Summary: The Church Of Flannery O Connor

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The Church of Flannery O’Connor Flannery O’Connor is nothing more than a preacher hiding behind a mask of literary devices. O’Connor was a devote Catholic, and it comes as no surprise that her literary works often contain biblical “lessons”, one just has to dig through all of her figurative language to see this. Flannery O’Connor will never quote bible verses, noris never going to say “here you go, here is the message about God and Faith that I want you to understand”, one will never find it that black and white. Instead, she is going to put the reader’s heart through immense pain, heartbreak, and suffering, then allow them to find the biblical meaning on their own. In a way, Flannery’s goal is for readers of her books to go and use the…show more content…
The most simplistic message that one receives from the novel is that even if one strays away from Christianity, they will always find their way back. However, just as she does in most of her works, O’Connor goes as far as to give her character’s symbolic names. The protagonist of the novel’s name is Hazel Motes, and is affectionately called “Haze” by his friends. Though at first one believes this short-name that is given to him carries no logic behind it, O’Connor inserted this small yet powerful detail to further convey her message to her readers. Throughout the novel Hazel Motes is violently scrambling around Taulkinham, desperately trying to set up his own church and break away from traditional Christianity. In doing so he distances himself from God, and puts himself into “haze”, or a disillusioned state. Hazel denies the word of Jesus Christ and even states that to him “Nothing matters but that Jesus was a liar” (Wise Blood 105). Finally Hazel begins to realize that traditional Christianity is the true way and, blinds himself. Though he is blinded he feels enlightened, and no longer is called “Haze” by others for the few remaining pages of the book. Flannery O’Connor is making a reference to the biblical chapter Saul’s Conversion, where the main character is blinded after being asked by Jesus Christ “why do you persecute me?”. (9 Acts 1:31) It is…show more content…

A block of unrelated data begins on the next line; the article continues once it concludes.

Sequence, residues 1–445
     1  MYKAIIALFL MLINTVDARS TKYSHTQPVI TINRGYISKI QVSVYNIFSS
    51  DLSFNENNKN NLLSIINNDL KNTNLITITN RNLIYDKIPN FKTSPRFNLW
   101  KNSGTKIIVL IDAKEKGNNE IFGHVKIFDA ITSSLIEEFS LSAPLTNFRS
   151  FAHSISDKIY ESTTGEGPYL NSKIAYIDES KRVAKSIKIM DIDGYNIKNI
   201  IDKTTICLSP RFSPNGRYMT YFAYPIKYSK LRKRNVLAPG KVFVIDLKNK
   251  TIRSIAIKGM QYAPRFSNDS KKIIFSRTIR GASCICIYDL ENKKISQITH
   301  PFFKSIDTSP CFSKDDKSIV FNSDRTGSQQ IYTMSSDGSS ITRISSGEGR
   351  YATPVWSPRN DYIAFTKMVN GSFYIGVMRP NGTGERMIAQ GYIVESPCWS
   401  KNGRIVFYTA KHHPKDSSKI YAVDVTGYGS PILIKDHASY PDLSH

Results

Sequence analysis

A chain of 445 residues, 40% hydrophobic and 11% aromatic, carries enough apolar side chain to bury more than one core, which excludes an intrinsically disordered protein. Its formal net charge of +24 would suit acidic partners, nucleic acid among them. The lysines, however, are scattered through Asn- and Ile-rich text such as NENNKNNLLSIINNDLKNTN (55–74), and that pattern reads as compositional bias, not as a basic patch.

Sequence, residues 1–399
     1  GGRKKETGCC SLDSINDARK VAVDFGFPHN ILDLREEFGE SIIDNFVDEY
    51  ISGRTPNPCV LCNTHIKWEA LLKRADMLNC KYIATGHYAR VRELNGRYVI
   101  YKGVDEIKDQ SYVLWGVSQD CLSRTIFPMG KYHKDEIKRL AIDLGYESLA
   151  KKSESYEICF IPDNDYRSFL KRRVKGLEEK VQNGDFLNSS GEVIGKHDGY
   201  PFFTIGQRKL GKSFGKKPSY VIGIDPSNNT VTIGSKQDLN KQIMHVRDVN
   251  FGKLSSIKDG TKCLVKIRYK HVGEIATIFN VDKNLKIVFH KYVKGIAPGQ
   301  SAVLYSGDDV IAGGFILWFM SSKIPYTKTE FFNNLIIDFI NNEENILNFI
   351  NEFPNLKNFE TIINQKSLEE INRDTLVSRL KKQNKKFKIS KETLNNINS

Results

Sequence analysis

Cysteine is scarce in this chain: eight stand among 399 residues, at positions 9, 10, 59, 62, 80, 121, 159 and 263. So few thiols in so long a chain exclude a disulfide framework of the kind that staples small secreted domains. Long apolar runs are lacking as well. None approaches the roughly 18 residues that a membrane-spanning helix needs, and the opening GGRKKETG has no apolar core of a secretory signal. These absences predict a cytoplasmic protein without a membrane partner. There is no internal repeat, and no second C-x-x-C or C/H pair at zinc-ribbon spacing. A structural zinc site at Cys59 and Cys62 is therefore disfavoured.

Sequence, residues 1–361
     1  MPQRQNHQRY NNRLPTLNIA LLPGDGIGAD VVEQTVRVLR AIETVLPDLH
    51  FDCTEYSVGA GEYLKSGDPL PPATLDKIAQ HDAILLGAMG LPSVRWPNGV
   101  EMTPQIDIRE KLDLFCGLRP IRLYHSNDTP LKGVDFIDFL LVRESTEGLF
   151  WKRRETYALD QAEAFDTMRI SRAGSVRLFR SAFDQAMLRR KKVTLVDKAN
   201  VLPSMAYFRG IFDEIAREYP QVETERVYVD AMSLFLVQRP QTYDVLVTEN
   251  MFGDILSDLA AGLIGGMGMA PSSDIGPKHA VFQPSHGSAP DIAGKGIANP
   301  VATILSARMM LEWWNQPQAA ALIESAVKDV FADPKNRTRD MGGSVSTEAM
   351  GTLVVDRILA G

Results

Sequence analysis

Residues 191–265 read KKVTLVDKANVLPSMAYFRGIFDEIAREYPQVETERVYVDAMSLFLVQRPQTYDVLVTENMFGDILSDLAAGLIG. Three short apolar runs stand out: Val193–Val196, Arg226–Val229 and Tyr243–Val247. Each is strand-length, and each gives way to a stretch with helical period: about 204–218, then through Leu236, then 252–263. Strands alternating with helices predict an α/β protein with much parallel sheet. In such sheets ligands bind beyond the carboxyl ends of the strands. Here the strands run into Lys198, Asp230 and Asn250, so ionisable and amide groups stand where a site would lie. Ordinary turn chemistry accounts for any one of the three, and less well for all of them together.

When Harry’s sitter Mrs. Connin comes over to pick him up from his troubled parents, she sees how Harry is dressed and states “he aint fixed right”, Harry’s father then states that she should fix him(The Complete Stories 157). Though at first glance it may seem as though this conversation is solely about Harry’s attire, this is the perfect example of a mask O’Connor hides her Christian lessons behind. Mrs. Connin plans on fixing Harry, but it has nothing to do with his clothes. She takes Harry to a church to get baptized in the river because she is a heavy believer in faith healing. After Harry spends some time at Mrs. Connin’s family farm, he learns that a carpenter Jesus Christ made him, and the family begins to refer to Harry as “Bevel”. Again, the reader sees Flannery O’Connor make use out of symbolic names, as a bevel is a carpentry tool. Harry or Bevel as he is now known as, is baptized by the family’s preacher, and afterword the preacher says “You count now. Before you did not even count” (The Complete Stories 168). This is Flannery O’Connor making an enternal comment inside her work of literature as to how important she feels it is for everyone to be baptized, simply because it will change one’s prospective on life. The strongest Christian message that O’Connor delivers in The River, is through the scene of Harry’s dream when he returns home
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